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Five Things to Consider Before Supplementing with Vitamins

    Taking dietary supplements— such as magnesium, protein or a multivitamin– is a great way to fill any gaps left by an incomplete diet. In a world where produce is costly, people feel rushed all the time, and food without nutritious value is always readily available, supplements are often necessary.


    That being said, not all supplements are made the same and not everyone will require the same amount of supplementation. Here are five things to consider before supplementing with vitamins.


    What Are You Missing?


    You only need to supplement your diet if you have gaps in your intake or a deficiency. As the vast majority of people fall short somewhere when it comes to vitamin and mineral intake, chances are you do too.


    If you get a lot of colorful fruit and vegetables in your diet, you’re less likely to experience a deficiency than someone who struggles to get fresh produce. Alternatively, vegetarians and vegans often fall short in iron and vitamin B12. Determining what areas you fall short in allow you to select which supplements you’ll start taking.


    Activity Level


    If you’ve read food labels or supplement packaging at all, you may have noticed a percentage mark outlining the recommended daily intake (also known as recommended daily allowance) of the various nutrients. These recommendations are built around the average, sedentary consumer.


    If you are an active individual, you may require more than the average multivitamin offers. Rather than shopping for a store brand vitamin, you should look for a vitamin targeted toward athletes. These often have higher doses of the various vitamins and minerals to ensure your body is getting what it needs to perform. Depending on your chosen activity, you might also supplement with protein and creatine.




    Efficacy is how well something works. You may have heard reports about multivitamins being a waste of money as we don’t absorb much of the nutrients. This is a blanket statement, but it does have some merit. Some vitamins aren’t developed with absorption in mind and they have a small window to enter your system.


    For example, vitamins with waxy coatings are made that way to last in a bottle. The coating can increase the time it takes for the pill to break down, subsequently decreasing what gets absorbed during digestion. Liquid vitamins or powdered vitamins are a way to get around this. Taking your supplement with food will help increase absorption.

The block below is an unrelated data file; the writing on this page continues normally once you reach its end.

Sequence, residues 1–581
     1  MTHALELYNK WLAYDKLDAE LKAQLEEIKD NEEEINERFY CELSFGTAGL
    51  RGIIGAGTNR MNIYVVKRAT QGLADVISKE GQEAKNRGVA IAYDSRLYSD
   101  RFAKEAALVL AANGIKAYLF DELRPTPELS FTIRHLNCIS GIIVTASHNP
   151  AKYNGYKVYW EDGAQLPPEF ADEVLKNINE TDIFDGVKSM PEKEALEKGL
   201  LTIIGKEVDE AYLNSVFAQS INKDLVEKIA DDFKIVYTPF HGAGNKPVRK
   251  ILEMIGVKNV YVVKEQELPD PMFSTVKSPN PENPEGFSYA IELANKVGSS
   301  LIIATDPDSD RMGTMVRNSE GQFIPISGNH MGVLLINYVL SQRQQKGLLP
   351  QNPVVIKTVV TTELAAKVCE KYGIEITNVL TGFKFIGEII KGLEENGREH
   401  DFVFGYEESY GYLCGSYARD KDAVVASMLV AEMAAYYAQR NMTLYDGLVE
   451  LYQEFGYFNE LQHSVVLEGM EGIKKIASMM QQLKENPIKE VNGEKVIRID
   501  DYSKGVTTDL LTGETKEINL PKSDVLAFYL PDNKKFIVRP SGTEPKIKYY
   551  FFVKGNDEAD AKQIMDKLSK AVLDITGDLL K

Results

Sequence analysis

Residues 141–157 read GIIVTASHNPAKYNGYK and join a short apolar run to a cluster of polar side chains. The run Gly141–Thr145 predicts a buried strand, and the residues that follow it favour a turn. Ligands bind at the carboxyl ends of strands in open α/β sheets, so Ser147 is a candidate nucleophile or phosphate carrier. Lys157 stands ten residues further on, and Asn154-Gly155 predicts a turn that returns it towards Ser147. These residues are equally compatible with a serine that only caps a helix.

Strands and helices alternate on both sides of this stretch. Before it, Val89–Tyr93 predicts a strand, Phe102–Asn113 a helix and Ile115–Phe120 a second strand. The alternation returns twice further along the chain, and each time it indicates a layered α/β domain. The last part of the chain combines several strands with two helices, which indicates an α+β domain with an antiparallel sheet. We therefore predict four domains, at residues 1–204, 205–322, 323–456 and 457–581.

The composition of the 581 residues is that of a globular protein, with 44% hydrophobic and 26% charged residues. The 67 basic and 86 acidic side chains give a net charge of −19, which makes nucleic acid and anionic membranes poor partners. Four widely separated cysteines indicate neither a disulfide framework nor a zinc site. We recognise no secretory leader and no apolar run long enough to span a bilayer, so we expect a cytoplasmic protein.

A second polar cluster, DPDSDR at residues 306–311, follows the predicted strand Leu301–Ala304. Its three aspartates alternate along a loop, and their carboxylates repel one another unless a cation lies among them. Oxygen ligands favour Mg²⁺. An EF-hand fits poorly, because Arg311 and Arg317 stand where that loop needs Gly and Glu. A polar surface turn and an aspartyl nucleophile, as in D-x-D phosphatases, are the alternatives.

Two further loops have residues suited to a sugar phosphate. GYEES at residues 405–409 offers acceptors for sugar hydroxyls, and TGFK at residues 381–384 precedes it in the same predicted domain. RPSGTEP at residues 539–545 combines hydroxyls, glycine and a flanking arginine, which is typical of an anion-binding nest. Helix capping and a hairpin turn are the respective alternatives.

Iron vs. Calcium


    A lot of people– women in particular– struggle to get enough iron and calcium. If you decide to take a multivitamin, know this: there is usually no iron in a multivitamin, nor should there be. This is because calcium and iron interfere with one another in regards to absorption.


    If you need to supplement with both iron and calcium, as many aging women do, it’s important to time your doses accordingly. Make sure that you take iron at least a few hours before or after taking calcium. As refreshing as a tall glass of milk might be, take your iron pill with orange juice or water with vitamin C, as the citrus improves iron absorption. Take your calcium supplement with something high in vitamin D.


    What Can You Change?


    Instead of immediately running to the store to get vitamins, think about what you can change in your diet. Grabbing an orange or banana instead of toast in the morning will start your day off with a nice dose of natural vitamins. Having a fruit and greens smoothie before your gym session will fortify your body with a wide array of vitamins and antioxidants.


    Vitamins and supplements can help fill the gaps, but will never have the bioavailability (absorption rate) of real, minimally processed food products. Make it your goal to eventually get all you need from your diet.